Bluegrass is like breathing to me…
Interview with Becky Buller, fiddle player and songwriter.
© Lilly Drumeva-O’Reilly.
In November 2013, I had lunch with Becky Buller in Nashville. She is a talented and stylish young lady, a great songwriter and musician. Becky was dressed in elegant brown, which matched her red hair. She wore turquoise earrings and necklace. While we chatted I left the recorder running. Here is part of the conversation.
Hi Becky, you are a renowned songwriter, fiddle player and what else?
Mom, radio DJ…
Tell me more about the radio show?
When my husband and I started dating, he invited me on his radio show on WMSR in Manchester, Tennessee. He has been doing it since 1999. He co-hosted it with two other guys. It is an hour long program, on Saturday morning. It is called “The bluegrass crossroad show”. So, he invited me to co-host one day and I liked it. I have been doing it now for 7 years.
What’s the name of your husband?
Jeff Haley and he is a musician. He plays in our church, guitar, banjo and bass. We met through Valerie Smith, with whom I used to play. Her husband Craig works actually with my husband.
Tell me about your daughter?
Her name is Romy, she is 8 months old. I named her after the movie “Romy & Michelle’s High School Reunion”.
How did you start playing music?
My parents started to play bluegrass when I was really young. My dad got interested in the mandolin. He took lessons from Dick Kimmel, who came up to Minnesota. Mom and dad met in college, both playing guitar. Later they formed a band called “Prairie grass”. I was about 5 years old then and started to play the piano. When I turned 10, I decided that I’d like to play fiddle. I wanted to sing also. They said “In a bluegrass band, you can’t just sing, you have to play an instrument”. I said “Ok, you guys don’t have a fiddle in your band. I’ll try to learn it”. I took violin lessons for 8 years and played in an orchestra. After I finished high school I moved to Tennessee and started to play bluegrass. I enrolled for the Bluegrass program in East Tennessee State University.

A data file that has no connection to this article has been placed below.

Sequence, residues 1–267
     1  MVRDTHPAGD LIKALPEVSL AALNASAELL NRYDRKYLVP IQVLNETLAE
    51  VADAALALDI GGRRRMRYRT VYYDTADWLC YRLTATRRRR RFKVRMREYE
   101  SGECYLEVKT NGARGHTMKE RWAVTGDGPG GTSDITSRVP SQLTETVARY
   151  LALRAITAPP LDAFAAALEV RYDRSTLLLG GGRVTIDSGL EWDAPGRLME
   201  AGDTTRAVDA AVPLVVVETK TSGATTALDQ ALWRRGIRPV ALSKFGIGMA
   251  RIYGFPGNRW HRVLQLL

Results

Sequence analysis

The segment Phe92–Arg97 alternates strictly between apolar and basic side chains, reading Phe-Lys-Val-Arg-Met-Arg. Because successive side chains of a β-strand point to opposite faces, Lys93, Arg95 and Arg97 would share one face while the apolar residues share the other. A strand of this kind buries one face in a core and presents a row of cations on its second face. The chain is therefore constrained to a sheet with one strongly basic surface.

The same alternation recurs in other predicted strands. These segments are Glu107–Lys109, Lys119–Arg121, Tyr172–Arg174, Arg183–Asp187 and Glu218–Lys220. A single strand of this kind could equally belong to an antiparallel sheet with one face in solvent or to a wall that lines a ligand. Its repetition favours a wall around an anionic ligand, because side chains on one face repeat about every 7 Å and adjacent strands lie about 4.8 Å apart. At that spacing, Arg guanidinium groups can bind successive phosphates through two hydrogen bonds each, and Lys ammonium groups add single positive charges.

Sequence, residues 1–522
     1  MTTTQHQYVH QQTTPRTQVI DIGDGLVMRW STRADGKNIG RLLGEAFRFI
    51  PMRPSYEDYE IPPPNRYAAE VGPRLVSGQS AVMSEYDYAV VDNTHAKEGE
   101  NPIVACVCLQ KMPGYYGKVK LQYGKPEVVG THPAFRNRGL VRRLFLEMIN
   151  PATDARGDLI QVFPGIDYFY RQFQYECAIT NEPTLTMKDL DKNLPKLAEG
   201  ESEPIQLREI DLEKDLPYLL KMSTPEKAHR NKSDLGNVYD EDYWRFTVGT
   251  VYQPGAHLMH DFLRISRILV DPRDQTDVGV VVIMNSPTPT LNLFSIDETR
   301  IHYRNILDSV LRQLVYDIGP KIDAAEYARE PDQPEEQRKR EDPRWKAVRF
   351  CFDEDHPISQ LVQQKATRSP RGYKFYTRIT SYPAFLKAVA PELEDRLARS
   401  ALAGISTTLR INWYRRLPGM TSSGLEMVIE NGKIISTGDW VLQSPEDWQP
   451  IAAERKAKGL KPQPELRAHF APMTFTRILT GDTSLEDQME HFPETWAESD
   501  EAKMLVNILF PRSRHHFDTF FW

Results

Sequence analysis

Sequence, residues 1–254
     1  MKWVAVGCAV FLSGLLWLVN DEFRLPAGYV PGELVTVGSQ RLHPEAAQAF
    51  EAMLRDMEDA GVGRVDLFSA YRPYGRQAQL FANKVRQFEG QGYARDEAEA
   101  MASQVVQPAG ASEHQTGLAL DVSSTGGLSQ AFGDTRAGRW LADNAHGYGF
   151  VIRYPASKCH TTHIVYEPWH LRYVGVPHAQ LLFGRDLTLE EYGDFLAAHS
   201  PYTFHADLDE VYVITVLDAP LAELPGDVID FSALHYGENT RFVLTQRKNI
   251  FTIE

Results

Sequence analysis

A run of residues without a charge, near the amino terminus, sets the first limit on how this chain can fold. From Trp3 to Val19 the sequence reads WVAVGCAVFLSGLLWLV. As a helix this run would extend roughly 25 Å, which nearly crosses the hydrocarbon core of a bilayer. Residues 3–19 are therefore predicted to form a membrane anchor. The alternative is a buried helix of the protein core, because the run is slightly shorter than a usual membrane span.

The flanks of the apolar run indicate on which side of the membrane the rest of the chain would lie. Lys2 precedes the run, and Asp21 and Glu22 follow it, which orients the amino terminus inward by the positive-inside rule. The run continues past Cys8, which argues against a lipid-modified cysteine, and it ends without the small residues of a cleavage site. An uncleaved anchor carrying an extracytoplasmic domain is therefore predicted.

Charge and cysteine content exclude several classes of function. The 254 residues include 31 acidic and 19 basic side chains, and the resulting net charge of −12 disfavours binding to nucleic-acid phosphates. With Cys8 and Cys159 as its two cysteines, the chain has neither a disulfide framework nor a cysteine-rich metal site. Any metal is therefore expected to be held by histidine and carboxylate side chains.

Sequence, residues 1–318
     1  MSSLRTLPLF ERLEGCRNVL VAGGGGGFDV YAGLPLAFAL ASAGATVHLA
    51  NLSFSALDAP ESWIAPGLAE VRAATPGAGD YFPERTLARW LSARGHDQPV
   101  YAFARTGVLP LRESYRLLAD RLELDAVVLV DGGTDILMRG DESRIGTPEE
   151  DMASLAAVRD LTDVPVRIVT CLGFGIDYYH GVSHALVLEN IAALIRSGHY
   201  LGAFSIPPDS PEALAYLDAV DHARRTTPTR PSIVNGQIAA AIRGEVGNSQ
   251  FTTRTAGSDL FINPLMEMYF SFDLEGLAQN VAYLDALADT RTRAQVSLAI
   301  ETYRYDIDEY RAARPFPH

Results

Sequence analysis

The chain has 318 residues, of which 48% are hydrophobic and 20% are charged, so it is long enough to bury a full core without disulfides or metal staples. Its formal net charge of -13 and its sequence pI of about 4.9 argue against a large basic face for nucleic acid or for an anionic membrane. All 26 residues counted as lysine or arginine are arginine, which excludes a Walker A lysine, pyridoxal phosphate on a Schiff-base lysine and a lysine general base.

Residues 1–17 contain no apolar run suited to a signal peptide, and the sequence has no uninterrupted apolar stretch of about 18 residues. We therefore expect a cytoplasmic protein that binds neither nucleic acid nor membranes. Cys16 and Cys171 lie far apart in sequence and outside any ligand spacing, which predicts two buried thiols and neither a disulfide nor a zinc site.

Can you play vibrato?
Oh yes. I feel that I’m still working on it… I use vibrato also in folk music.
Why do you like bluegrass music?
I don’t know. I feel like it chose me. I’ve done it for so long, it is like breathing to me. It is very organic and accessible. You don’t need electricity, you just open your case and play it. It is simple, but it is also very complex. You have to be very good to improvise and you have to be fast.
What is your vision? Is bluegrass music going to grow or disappear?
I think it’s very alive, thriving, and vibrant. There are purists who feel that all bluegrass music should sound exactly like Bill Monroe, Lester Flatt and Earl Scruggs played it. We have to remember that these guys were rebels in their time. They made musical magic; that’s why we have a bluegrass genre today! But their style doesn’t speak to the masses as it did back in the late 1940s and ’50s. If music isn’t growing, it’s dying. I welcome the new bands like Yonder Mountain, the Punch Brothers, and the Infamous Stringdusters. They’re taking their brand of bluegrass-flavored music to audiences that might not have otherwise given it a second listen. Folks who really get into what they’re doing will eventually travel the bluegrass space-time continuum all the way back to Bill Monroe.
How did you become a songwriter?
I have been writing songs as long as I can remember. It started with piano compositions. Ideas come from everything and anything.
Name some of the artists who have covered your songs?
Ricky Skaggs, Kenny & Amanda Smith, Rhonda Vincent, Doyle Lawson, Valerie Smith, Third Time Out, Special Consensus…
Thanks Becky, lovely to meet you!